Fluctuations in the Business Cycle
Episode #3 of the course Introduction to macroeconomics by Doha Soliman, CFA
Welcome to Day 3! Today, we’ll learn the concept of a business cycle and explore what fluctuations entail and how they affect everyone—from the individual consumer (you and me) to businesses and government.
A business cycle, sometimes referred to as the economic cycle, is simply the up and down movements of the gross domestic product (GDP), a measure of an economy’s growth output over a period of time. We will discuss the GDP in more detail in tomorrow’s lesson.
It can be depicted by a graph in which the GDP is a line that fluctuates up or down based on the economy’s progress. GDP and business cycles generally refer to countries as a whole but can also be measured for a region or the entire world.
As seen in the graph above, the y-axis (vertical line) indicates the percent change in the GDP for a given amount of time indicated in the x-axis (horizontal line). It is important to take note that the GDP graph demonstrates the percent change in the GDP and not the actual GDP value. The GDP is a monetary amount that does not provide much insight into an economy, but the GDP graph indicates the increase or decrease of this monetary amount over time, thus providing perspective on the state of the economy’s health.
Phases of Business Cycles
When speaking about business cycles, it is useful to identify the different phases it contains.
Boom: A boom, as the name implies, is a period in which the GDP rises higher than its previous long-term trend. It signifies increased productivity, higher sales, and thus, higher wages. This may result in higher inflation (increase in price of goods and services). Inflation has many repercussions on an economy and will be discussed in more detail in Lesson 5.
Slowdown: A slowdown, the opposite of a boom, is a period marked by decreased GDP, lower sales, lower market demand, and thus, lower inflation.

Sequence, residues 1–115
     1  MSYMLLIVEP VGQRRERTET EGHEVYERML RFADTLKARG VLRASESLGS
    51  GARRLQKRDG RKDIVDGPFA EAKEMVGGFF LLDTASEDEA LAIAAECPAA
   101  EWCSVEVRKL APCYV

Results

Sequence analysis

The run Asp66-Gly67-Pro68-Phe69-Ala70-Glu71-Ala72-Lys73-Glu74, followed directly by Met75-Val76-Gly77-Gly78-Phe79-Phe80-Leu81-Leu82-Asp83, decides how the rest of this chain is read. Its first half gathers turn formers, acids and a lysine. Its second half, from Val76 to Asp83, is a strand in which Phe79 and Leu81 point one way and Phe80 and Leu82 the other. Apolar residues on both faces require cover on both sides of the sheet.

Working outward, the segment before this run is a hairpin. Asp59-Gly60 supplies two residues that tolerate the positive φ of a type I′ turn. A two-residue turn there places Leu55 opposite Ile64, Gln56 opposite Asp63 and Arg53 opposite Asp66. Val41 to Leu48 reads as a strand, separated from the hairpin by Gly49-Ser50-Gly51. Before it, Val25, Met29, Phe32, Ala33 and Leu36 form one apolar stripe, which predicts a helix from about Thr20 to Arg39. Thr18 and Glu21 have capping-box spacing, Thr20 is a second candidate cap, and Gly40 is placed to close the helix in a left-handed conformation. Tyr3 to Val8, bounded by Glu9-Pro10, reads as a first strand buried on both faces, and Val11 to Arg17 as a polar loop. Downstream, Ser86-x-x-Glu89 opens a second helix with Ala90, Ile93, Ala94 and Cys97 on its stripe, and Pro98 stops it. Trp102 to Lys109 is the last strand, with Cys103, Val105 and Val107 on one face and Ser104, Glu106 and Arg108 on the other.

Recession: This is a period of decline in the output of an economy for two successive quarters. This can have long-lasting effect on wages, the stock market, and the population as a whole.
Recovery (Expansion): This period generally goes after a recession and is a sign of improvements in an economy following a decrease in output.
Depression: This signifies a long-term economic downturn in the activity of a market. It is much more severe and persistent than a recession.
As we will see throughout this course, business cycles are analyzed in much depth by economists, governments, and businesses, as they affect many of the key decisions made for our economy as a whole. While it may sound counterintuitive, some industries profit the most during a recession, while most of the population endures hard times. For instance, discount retailers and used auto dealers profit the most during times of hardship. This is due to consumers seeking out bargains and decreasing their spending on items or services they deem as luxury.
As we wrap up our discussion of economic cycles, in the next lesson, we’ll talk about the Gross Domestic Product and how it differs from Gross National Product.
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Capital in the Twenty-First Century by Thomas Piketty and L.J. Ganser
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